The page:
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The San Diego Chargers weren’t the only ones feeling sorry they tangled with Peyton Manning this week.

On Wednesday, the director of the film “Omaha (the movie)” and execs from subscription video service Fandor issued a statement apologizing to both the NFL and football fans for implications that they unduly paid the Denver Bronchos quarterback a product placement fee for his use of the term “Omaha, Omaha” during Sunday’s playoff game.

This apology came shortly after the film’s director, Dan Mirvish, reached a deal with Fandor.

“To the best of my knowledge, it is completely coincidental that Mr. Manning chose to promote the title of our movie the same week we struck a distribution deal with Fandor,” Mirvish, also the co-founder of the upcoming Slamdance Film Festival, said in a statement. “If Mr. Manning, the NFL, or any of the fans were offended by thinking this sort of promotion was a paid endorsement of the film, I’d like to apologize.”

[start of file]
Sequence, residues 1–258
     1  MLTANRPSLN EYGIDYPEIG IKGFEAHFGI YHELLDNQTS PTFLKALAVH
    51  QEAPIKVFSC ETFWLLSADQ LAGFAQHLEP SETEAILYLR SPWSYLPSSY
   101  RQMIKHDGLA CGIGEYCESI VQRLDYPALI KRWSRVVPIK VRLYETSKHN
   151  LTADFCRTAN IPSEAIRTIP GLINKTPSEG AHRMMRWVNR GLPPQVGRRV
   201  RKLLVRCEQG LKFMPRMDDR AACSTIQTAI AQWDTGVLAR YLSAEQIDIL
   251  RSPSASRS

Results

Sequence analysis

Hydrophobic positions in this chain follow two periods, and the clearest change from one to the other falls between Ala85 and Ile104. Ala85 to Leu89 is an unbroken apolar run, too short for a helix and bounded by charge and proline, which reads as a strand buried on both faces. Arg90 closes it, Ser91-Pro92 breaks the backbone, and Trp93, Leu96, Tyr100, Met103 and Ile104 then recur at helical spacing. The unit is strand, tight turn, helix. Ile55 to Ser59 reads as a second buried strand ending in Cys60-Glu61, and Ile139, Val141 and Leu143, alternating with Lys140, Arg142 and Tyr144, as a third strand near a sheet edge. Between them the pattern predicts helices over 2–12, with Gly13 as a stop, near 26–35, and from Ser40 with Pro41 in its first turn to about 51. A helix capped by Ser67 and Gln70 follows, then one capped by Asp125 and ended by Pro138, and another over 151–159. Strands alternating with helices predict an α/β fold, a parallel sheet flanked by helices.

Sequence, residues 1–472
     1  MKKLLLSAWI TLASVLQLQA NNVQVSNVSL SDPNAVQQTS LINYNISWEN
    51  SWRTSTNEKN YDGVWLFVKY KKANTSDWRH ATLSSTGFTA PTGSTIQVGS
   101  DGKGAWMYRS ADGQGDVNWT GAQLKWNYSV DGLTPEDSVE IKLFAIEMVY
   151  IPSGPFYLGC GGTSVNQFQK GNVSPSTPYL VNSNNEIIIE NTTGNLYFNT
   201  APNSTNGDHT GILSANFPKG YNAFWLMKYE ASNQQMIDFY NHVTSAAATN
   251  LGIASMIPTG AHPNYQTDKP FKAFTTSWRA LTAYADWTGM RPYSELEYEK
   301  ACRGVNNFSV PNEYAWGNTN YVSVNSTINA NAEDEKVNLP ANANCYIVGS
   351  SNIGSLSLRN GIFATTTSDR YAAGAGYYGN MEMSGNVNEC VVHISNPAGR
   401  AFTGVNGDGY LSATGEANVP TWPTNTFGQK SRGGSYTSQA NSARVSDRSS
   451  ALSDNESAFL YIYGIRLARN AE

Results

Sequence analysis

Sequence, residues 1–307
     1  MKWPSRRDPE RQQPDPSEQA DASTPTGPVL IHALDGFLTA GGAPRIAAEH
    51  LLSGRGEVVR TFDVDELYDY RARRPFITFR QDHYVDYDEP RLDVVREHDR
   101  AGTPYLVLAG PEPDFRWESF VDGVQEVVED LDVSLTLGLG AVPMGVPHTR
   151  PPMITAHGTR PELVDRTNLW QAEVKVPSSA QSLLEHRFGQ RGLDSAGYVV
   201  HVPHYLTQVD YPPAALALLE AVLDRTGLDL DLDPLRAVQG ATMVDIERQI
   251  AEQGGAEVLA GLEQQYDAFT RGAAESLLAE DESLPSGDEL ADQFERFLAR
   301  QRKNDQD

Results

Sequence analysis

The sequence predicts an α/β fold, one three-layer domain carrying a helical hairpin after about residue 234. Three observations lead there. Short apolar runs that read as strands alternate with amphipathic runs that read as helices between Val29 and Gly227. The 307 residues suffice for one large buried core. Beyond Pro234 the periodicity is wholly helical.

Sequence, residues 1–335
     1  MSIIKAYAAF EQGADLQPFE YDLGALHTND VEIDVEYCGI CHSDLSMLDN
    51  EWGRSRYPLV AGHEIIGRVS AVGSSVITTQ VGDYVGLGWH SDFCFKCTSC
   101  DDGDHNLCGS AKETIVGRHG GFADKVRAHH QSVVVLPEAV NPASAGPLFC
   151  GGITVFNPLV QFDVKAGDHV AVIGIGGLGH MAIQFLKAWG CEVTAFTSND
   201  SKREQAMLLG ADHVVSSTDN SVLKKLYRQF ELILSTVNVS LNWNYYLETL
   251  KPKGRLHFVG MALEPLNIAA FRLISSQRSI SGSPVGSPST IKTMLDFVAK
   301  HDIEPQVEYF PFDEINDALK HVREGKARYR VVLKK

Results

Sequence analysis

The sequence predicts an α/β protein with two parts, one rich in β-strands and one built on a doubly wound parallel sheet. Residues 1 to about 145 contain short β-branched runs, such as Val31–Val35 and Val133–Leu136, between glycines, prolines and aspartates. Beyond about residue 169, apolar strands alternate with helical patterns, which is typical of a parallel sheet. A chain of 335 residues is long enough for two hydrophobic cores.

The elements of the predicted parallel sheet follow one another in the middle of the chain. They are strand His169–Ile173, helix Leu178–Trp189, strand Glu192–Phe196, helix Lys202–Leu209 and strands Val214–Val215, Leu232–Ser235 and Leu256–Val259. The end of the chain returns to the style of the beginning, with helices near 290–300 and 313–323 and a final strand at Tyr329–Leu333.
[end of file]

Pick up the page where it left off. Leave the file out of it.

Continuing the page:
“Omaha (the movie),” an offbeat comedy from 1995 in which Colombian jewel thieves chase the main character across Nebraska, was made for just $38,000 with the help of fellow Nebraskan Dana Altman. The film is considered a leader in the New Husker Cinema movement and was one of the founding films of the Slamdance Film Festival, which begins this year on Jan. 17.

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